To become a complete and well-rounded man, we need to thrive in each of our roles. So much of our happiness as men depends on our success in our various roles in life. But before you can figure out how to excel in each aspect of your life, you first need to clearly define your roles as a man. Sit down with your pen and journal and really think about the roles you take on each day. Write down as many of them as come to your mind. Don’t hold back.

Here’s a list to help get you started:

  • Husband/Boyfriend
  • Father
  • Son
  • Brother
  • Friend
  • Grandson
  • Manager
  • Employee
  • Leader
  • Disciple
  • Artist
  • Student
  • Photographer
  • Writer
  • Soldier
  • Landlord
  • Coach
  • Teacher
  • Citizen
  • Mentor
  • Mentee

Finished? Killer-diller.

A great deal of stress and angst in a man’s life occurs because he doesn’t spend enough time nurturing and growing in the roles that are most important to him. A man might consider himself an entrepreneur even though he works a day job at a corporation. Working on projects that he’s passionate about fills him with a level of manly vitality he doesn’t feel doing anything else. He might even have hopes of one day hustling his side job into a full-time gig. But whenever there’s a choice between working on his business and going out with his friends, this man consistently chooses his friends. Consequently, his small biz never goes anywhere and he ends up bitter, resentful, and depressed.

To help guide our long term goals and even our daily choices as men, we need to put down in ink what roles are most important to us. Look at your list and start prioritizing your roles in order of most important to least important.

You might be looking at your list of roles and thinking, “Boy! I’ve got a boat load of roles to prioritize!” Being involved in lots of people’s lives is a good thing, but too much of even a good thing can lead to burn out. Are there some roles that are causing you a lot of unneeded stress? Perhaps you have taken on a few roles that don’t provide any fulfillment and take away time from the roles that are truly important to you. You might then consider pruning those “dead” roles away to strengthen your core responsibilities. This can be tough to do, especially if what you’re eliminating is a “good” thing. But you don’t want the good to become the enemy of the best.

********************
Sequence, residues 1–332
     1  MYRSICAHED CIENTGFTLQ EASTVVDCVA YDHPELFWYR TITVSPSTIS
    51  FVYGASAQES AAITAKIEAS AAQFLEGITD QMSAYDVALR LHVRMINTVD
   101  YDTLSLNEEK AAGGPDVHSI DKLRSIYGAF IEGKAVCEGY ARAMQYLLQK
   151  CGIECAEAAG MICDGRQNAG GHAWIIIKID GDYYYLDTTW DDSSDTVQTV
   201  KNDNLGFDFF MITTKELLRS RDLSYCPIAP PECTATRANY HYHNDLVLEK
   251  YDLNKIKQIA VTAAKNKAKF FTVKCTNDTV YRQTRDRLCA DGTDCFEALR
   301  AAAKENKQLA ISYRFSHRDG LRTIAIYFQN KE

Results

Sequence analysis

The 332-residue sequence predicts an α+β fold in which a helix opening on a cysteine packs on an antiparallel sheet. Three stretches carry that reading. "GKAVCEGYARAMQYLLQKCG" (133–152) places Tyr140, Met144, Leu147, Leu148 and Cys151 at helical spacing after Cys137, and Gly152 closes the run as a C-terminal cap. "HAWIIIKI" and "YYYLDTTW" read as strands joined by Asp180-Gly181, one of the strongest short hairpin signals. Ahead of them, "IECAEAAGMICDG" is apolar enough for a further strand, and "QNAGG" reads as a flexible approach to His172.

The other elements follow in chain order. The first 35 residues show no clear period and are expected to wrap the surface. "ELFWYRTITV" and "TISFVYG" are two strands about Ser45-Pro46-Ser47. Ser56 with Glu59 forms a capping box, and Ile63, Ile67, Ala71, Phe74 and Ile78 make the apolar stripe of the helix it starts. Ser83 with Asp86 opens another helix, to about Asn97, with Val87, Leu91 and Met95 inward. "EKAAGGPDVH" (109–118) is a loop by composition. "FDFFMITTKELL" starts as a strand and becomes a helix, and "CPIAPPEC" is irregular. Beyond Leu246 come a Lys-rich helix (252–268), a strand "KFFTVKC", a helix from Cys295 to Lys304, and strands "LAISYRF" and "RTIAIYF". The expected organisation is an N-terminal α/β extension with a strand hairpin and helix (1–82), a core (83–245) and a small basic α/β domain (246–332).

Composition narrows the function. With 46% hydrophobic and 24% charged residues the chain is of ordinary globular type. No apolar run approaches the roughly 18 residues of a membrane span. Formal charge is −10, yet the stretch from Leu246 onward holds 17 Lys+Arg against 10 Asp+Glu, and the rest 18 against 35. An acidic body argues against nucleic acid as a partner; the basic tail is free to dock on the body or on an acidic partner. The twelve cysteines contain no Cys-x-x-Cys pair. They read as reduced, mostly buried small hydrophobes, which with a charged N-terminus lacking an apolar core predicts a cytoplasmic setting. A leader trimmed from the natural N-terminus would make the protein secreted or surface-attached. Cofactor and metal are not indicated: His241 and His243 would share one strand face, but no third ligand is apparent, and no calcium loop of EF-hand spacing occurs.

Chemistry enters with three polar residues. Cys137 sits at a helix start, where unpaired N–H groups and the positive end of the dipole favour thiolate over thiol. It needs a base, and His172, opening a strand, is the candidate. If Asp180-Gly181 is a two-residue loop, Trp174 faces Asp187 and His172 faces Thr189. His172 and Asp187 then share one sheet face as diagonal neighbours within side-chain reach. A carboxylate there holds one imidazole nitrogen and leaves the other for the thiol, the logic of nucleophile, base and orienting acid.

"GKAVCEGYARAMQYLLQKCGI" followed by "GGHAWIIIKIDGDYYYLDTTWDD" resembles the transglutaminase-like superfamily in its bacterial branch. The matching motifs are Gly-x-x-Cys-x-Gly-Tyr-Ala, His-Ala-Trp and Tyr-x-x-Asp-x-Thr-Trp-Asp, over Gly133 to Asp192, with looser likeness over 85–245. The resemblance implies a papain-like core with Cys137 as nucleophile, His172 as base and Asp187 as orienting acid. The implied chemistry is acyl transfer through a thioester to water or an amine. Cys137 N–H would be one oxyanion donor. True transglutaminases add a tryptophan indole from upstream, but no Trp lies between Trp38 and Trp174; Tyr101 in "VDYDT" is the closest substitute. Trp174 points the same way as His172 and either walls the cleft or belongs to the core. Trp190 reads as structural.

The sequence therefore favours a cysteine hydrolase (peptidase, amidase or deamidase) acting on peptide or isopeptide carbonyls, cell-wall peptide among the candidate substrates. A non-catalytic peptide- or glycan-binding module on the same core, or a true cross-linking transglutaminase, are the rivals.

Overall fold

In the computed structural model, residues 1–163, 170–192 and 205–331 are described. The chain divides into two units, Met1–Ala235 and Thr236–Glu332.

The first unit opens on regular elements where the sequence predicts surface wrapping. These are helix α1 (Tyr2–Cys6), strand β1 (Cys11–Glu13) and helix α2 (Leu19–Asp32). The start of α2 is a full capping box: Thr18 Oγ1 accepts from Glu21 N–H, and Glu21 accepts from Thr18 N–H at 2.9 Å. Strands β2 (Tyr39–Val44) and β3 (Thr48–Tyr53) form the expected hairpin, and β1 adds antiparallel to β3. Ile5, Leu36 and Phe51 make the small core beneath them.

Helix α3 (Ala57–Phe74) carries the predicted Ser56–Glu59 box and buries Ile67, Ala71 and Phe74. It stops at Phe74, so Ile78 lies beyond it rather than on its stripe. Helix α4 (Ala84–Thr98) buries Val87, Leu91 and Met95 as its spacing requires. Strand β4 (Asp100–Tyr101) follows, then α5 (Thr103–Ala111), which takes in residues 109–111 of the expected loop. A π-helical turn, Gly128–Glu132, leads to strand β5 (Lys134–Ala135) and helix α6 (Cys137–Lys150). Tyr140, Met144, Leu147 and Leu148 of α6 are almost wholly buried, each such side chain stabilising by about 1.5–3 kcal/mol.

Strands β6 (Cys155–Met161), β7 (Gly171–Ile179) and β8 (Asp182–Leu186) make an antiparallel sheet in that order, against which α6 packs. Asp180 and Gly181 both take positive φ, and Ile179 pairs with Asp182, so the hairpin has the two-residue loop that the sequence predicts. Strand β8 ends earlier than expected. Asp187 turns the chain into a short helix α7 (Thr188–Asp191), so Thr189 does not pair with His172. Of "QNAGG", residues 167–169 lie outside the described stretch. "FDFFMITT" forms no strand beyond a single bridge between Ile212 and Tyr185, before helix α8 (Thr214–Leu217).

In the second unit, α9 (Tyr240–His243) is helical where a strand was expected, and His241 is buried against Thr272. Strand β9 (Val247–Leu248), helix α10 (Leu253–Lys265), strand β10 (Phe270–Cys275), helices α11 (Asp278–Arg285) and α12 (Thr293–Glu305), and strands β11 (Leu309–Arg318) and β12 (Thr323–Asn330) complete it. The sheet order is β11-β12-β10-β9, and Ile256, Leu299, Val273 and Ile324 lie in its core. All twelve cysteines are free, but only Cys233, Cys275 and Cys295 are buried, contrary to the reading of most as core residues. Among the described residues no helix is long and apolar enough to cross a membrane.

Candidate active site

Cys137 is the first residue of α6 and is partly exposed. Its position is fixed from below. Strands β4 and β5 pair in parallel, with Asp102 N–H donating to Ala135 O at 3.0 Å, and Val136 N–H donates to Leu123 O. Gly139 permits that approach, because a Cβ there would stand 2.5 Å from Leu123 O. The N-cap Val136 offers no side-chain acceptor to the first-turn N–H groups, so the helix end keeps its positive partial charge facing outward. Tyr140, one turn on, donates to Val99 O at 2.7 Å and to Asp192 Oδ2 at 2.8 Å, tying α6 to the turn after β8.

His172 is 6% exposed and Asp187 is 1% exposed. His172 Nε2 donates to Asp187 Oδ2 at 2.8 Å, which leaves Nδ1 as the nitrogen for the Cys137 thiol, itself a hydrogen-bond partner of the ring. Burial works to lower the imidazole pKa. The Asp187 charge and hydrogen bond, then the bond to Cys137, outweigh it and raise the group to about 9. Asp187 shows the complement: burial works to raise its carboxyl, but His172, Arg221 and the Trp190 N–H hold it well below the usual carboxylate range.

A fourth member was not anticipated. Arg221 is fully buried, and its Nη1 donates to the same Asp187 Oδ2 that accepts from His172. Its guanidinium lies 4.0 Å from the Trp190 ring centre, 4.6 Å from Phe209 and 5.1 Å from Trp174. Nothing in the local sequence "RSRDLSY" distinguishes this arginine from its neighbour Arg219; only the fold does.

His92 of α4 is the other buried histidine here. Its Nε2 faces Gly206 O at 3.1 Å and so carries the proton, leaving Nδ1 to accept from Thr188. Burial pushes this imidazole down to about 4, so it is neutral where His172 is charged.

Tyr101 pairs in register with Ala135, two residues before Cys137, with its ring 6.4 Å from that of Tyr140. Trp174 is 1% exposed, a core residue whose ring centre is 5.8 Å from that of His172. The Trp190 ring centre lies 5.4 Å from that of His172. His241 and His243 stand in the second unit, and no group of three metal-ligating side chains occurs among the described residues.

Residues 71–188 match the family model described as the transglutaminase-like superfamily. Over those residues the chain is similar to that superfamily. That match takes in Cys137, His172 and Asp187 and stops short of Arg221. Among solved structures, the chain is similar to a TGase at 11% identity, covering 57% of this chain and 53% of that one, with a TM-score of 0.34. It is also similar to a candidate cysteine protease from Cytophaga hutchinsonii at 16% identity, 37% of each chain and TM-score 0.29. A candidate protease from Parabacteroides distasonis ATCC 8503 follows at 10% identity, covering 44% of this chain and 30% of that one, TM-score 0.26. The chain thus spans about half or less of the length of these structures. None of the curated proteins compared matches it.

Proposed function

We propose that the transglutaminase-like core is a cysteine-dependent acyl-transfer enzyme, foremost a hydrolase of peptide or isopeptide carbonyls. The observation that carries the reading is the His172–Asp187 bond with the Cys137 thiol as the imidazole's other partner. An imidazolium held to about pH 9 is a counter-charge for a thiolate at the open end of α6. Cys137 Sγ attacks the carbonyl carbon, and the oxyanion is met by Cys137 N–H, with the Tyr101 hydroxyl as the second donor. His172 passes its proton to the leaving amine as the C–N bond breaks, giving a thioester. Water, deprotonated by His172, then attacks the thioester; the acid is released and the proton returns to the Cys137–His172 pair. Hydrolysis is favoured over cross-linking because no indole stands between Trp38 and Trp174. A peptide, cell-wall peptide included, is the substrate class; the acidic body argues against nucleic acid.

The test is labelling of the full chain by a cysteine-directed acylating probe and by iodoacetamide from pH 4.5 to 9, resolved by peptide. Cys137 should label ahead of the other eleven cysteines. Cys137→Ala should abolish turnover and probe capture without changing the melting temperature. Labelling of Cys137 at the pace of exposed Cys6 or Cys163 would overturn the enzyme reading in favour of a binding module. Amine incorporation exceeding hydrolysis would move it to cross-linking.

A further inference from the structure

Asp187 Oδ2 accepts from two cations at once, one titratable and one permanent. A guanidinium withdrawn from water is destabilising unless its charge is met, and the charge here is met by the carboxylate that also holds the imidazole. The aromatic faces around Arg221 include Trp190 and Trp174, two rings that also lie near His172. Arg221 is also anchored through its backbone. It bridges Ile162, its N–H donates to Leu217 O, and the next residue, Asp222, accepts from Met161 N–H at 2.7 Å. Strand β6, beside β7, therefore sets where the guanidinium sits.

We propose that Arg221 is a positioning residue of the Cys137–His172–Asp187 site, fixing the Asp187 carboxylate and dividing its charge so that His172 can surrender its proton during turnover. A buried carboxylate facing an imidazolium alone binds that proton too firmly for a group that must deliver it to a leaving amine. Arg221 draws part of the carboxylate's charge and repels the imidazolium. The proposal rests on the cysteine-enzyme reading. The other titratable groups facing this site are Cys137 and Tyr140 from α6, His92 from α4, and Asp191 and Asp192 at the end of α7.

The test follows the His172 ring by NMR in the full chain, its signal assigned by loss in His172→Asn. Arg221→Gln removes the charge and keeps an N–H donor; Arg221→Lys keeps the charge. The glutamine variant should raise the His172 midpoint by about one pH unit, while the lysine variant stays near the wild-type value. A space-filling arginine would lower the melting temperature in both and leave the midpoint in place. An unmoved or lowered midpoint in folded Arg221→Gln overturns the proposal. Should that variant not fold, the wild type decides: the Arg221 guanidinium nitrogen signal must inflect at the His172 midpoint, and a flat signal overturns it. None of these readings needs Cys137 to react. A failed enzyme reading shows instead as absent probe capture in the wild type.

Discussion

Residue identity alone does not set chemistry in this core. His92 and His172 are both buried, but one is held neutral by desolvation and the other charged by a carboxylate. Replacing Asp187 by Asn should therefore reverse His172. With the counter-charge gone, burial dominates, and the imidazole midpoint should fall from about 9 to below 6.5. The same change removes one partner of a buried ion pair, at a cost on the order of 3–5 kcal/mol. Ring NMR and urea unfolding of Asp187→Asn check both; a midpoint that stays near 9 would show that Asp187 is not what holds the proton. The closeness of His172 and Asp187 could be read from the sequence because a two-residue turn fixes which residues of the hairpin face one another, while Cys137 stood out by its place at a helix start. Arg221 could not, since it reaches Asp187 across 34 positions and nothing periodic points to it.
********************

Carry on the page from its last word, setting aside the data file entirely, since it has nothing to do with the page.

With your prioritized list, you can now start making better choices that are more in line with what you really value. This list will especially come in handy when you find yourself in situations where you have roles with competing demands. For example, let’s say you’re asked to come into work on the weekend. It’s not mandatory, but it would definitely look good and help with your career advancement. But that weekend your daughter has a soccer game. Which do you choose? Well, if you put your role as a father over your role as an employee, than you’d go to your daughter’s soccer game.

Now a few caveats with your prioritized list of roles. First, this isn’t a static list. The order of your roles will change during the different seasons of your life. So take a regular personal inventory and make adjustments when needed.

Second, sometimes your roles will have conflicting demands. Try to find ways to make both work at the same time. You might have to bring some reports to your son’s basketball game and work on them during timeouts and half-time. It’s not ideal, but it’s a good compromise.

Define Your Purpose for Each Role

Now that we’ve defined our roles, it’s time to establish our purpose for each of them. Without a strong sense of purpose, we feel lost and shiftless. Roles with clearly defined purposes enable us to make decisions that will enrich rather than impoverish us.

How will we establish our different purposes? Stephen Covey suggests imagining your own funeral. A bit macabre, yes, but it’s a very effective exercise. Imagine the people in attendance. Who will be there? Many in attendance will probably be the people you interact with in your various roles as a man: your wife, your children, your friends, your boss, your co-workers, your clients, and maybe even your dog.

What would each of them say about you? Which of your contributions will they mention in their eulogy to you? What memories of you will they share? How do you want them to remember you?